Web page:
A Visual Crash Course on Geothermal Energy
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A Visual Crash Course on Geothermal Energy

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A Visual Crash Course on Geothermal Energy

This was originally posted on Elements. Sign up to the free mailing list to get beautiful visualizations on natural resource megatrends in your email every week.

Geothermal is a lesser-known type of renewable energy that uses heat from the Earth’s molten core to produce electricity.

While this unique feature gives it key benefits over solar and wind, it also suffers from high costs and geographic restrictions. Because of this, few countries have managed to produce geothermal energy at scale.

In this infographic, we’ve used a combination of diagrams and charts to give you a high level overview of this sustainable energy source.

How Geothermal Works

Geothermal energy is produced by accessing reservoirs of hot water that are found several miles below the earth’s surface. In certain parts of the planet, this water naturally breaks through the surface, creating what’s known as a hot spring (or in some cases, a geyser).

When accessed via a well, this pressurized water rises up and rapidly expands into steam. That steam is used to spin a turbine, which then drives an electric generator.

Further along the process, excess steam is condensed back into water as it passes through a cooling tower. An injection well pumps this water back into the Earth to ensure sustainability.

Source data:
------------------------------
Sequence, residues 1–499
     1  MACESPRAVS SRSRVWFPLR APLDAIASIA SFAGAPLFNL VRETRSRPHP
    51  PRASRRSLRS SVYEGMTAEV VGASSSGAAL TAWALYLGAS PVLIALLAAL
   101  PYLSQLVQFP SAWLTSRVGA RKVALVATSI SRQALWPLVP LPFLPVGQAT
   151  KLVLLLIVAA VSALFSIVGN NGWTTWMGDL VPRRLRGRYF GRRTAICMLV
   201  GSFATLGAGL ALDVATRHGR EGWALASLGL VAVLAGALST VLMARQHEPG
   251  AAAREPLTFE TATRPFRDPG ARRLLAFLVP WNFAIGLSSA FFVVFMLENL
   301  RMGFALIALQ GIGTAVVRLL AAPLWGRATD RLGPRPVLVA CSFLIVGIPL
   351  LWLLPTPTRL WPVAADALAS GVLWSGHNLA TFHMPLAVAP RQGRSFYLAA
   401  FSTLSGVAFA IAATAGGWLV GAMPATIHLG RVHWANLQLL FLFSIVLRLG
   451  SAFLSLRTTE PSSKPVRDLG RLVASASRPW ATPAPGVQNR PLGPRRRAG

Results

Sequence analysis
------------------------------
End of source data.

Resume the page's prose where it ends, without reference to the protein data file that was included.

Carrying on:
Where Is Geothermal Energy Being Used?

As of 2021, global geothermal power generation amounted to 16 gigawatts (GW). Only a handful of countries have surpassed the 1GW milestone.

CountryInstalled Capacity (GW)
🇺🇸 U.S.3.7
🇮🇩 Indonesia2.3
🇵🇭 Philippines1.9
🇹🇷 Turkey1.7
🇳🇿 New Zealand1
🇲🇽 Mexico1
🇮🇹 Italy0.9
🇰🇪 Kenya0.9
🇮🇸 Iceland0.8
🇯🇵 Japan 0.6
🌎 Rest of World1.1

To give these numbers context, consider the following datapoints:

  • America’s 3.7 GW capacity is split across 61 geothermal plants.
  • The world’s largest solar plant, the Bhadla Solar Park, has a maximum output of 2.2 GW
  • The world’s largest hydroelectric plant, the Three Gorges Dam, can produce up to 22.5 GW

While geothermal plants clearly produce less power, they do have benefits over other types of renewables. For example, geothermal energy is not impacted by day-night cycles, weather conditions, or seasons.

The Big Picture

We now look at a second dataset, which shows the global contribution of each type of renewable energy. These figures are as of April 2022, and were sourced from the International Renewable Energy Agency (IRENA).

TypeInstalled Capacity (% of total)Installed Capacity (GW)
Hydro40%1226